Parenting a child with a life-threatening condition teaches you that life is precious. Life needs to be lived one day at a time. If I learned to smile despite the yearning to cry, it’s because my new “normal” was to make him smile. I am done being told what to believe, what to be afraid of, who to trust, what to think and who to hate. Why is RDEB medically fragile? Mostly because of the open wounds and the consequences of having non-healing 2nd degree burn-like wounds, which can vary and can be extremely damaging, even lethal. The skin, after all, is the largest organ of the body and it affects everything he does. I realize that even people we know and love struggle to fully comprehend what Nicky’s medical fragility truly means. I regularly receive well-intentioned questions about whether Nicky will ever get better. The short answer is no.Read More →

The other night I was changing the bandages of Nicky’s lower back and to my dismay, in the attempt of healing the area, the opposite happened. It’s now worse than it’s ever been. The whole area is a BIG open wound. Ugh. It’s always a shock to me that I can even do this. Before Nicky was born I was an absolute wimp, who could not watch my own blood being drawn. Amazing what we learn to do out of love for our children. WIth his lower back now a bloody wound, my heart sank. Because of that, I resolved to make sure to use my concoction on it as well-I haven’t because this is an area very difficult to bandage and using the cream makes the bandage slip around quite a bit and Nicky hates that. It’s one thing to use the cream on areas where we can bandageRead More →

Nicky’s inner strength is something I deeply admire. There are times that he still surprises me with his wit, the way he thinks and the way he handles things. He’s such a loving, deeply interesting boy for those that care enough and are lucky enough to get to know him. He suffers greatly as well though, and that fact can never be ignored. I took the following pictures this past month to give everyone a small glimpse of what his skin looks like under the bandages. He’s part of the SD -101 cream trial (http://ebstudy.com/) so if you think his wounds look better, it’s because they do. This is his right arm. It’s looking fantastic. I know, I know, it still looks painful, but considering how it looked like before, say a year ago, there is a big difference. This is his lower back. This area is harder to wrap becauseRead More →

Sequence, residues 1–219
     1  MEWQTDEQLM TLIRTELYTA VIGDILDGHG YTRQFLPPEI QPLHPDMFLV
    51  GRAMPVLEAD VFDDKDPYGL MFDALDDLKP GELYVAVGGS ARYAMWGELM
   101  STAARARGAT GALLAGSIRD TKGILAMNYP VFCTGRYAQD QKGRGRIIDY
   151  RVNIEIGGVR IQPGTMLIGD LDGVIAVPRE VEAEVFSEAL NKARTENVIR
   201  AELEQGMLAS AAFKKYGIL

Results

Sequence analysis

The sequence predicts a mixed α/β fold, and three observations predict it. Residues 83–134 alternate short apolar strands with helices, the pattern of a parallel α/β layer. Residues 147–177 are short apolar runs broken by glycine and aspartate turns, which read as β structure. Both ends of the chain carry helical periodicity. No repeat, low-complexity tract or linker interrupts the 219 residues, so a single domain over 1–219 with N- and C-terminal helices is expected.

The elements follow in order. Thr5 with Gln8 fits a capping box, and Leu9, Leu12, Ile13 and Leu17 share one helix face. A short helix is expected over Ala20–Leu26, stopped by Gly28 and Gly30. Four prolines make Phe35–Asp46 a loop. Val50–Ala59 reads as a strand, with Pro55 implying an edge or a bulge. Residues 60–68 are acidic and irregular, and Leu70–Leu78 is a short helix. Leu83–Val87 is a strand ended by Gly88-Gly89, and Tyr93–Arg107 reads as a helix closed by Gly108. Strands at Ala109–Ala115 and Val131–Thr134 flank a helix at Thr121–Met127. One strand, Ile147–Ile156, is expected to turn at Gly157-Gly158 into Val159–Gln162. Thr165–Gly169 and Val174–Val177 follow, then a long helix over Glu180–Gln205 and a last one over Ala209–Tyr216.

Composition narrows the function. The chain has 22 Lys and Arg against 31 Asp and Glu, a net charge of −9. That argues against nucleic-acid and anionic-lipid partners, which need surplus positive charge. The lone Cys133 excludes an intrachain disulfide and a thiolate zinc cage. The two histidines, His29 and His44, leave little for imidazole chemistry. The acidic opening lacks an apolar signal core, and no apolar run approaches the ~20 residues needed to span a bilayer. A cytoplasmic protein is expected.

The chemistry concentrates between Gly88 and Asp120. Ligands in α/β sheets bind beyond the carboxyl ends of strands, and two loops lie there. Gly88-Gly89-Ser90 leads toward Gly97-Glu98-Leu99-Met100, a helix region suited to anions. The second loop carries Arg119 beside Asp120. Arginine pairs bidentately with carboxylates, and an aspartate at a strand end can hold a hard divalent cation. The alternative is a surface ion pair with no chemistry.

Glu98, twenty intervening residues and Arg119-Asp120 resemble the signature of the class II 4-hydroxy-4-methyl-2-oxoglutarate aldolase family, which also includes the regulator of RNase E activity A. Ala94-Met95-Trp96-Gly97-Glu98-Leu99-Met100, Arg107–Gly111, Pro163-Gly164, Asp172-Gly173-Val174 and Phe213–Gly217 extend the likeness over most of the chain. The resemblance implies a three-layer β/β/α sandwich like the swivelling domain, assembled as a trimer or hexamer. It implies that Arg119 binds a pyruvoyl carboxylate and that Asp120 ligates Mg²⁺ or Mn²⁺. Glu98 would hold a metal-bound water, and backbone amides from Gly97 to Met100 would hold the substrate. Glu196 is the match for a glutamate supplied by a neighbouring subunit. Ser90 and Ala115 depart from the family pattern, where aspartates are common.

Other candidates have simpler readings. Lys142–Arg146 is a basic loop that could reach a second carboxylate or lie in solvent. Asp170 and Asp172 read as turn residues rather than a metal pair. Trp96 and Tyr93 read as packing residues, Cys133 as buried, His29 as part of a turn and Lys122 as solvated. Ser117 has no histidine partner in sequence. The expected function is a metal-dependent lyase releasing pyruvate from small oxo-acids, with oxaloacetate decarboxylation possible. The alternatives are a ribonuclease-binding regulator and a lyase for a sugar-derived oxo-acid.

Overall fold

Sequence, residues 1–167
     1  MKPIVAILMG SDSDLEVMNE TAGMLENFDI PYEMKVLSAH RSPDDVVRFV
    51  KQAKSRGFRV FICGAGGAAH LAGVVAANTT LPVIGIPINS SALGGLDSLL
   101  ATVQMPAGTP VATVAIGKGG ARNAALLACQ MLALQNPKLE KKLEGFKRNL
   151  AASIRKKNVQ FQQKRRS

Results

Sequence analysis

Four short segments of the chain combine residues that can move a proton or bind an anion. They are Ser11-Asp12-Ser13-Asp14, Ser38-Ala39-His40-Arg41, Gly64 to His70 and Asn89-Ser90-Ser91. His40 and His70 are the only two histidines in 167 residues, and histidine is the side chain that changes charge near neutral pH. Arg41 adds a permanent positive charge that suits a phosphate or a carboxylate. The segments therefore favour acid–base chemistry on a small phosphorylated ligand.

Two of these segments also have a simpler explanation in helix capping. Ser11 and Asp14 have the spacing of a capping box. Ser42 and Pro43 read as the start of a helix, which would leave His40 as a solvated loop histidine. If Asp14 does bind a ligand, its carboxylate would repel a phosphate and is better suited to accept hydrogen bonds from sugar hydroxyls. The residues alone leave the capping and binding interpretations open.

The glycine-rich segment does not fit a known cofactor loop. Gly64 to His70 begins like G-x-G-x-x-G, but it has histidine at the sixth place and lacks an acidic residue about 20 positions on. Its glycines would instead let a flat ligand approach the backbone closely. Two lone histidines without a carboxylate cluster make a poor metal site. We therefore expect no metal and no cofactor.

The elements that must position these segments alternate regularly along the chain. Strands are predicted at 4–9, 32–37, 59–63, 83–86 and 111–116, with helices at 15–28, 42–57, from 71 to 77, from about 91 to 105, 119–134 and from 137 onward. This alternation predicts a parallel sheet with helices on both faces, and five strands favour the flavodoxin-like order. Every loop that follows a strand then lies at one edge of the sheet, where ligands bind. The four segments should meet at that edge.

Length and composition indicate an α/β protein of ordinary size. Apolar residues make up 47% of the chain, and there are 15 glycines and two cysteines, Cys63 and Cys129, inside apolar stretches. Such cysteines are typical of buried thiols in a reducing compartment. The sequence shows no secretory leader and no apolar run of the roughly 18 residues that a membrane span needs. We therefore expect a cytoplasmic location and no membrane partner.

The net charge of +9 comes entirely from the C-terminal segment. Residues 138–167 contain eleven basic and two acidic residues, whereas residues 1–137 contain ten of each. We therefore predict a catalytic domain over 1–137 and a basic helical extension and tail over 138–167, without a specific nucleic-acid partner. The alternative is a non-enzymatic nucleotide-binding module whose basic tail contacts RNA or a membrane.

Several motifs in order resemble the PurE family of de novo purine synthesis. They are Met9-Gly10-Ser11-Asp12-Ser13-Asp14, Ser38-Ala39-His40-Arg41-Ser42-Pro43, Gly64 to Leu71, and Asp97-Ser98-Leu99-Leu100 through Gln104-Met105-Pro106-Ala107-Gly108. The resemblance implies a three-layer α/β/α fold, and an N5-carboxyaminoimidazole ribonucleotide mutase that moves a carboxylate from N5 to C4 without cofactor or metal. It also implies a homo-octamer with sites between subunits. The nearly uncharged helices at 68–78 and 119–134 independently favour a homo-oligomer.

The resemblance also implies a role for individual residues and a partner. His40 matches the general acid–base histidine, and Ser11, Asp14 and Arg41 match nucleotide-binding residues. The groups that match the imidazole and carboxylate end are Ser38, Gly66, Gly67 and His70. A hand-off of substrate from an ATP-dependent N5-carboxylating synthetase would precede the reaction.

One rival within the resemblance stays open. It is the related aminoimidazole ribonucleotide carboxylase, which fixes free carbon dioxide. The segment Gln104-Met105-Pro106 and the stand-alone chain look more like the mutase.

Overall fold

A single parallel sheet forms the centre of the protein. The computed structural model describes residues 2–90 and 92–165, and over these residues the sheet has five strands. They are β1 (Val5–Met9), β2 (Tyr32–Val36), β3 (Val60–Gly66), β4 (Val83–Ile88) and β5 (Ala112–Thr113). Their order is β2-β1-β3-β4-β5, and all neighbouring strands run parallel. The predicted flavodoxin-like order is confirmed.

I cling to the hope that someday in the not so distant future I will know what it means to see my son being free from the daily suffering he endures. In the meantime the only thing I can do is continue to spread awareness. I am not a millionaire nor a scientist. I can’t donate oodles of money for research and I also do not have either the skill nor the expertise to research how to actually find a cure for EB, so I must support those that do and continue my quest in getting this disorder known. The truth of the matter is that with enough money a cure will be found. There are now enough scientists that are trying all sorts of ways to treat EB if not cure it, and every parent of a child with his awful condition wants to be the first to getRead More →

As I posted yesterday, wound pics generate a barrage of negative comments on Facebook, they usually end up being reported and deleted, which is why I don’t post them there anymore. It’s just not worth getting banned over them when I can just post them here. This is EB-more specifically, Recessive Dystrophic Epidermolysis Bullosa-Severe Generalized subtype. This is what my son has. I know very well how upsetting these photos are. They upset me greatly. However, what other way is there to fully explain the condition? I haven’t found another one that is this eloquent. There are no real need for words. I have some photos of his arms that are even more disturbing to me than these, but I want to take some new photos of those in a couple of months then I will post them. The truth is that I don’t like posting photos too often. EBRead More →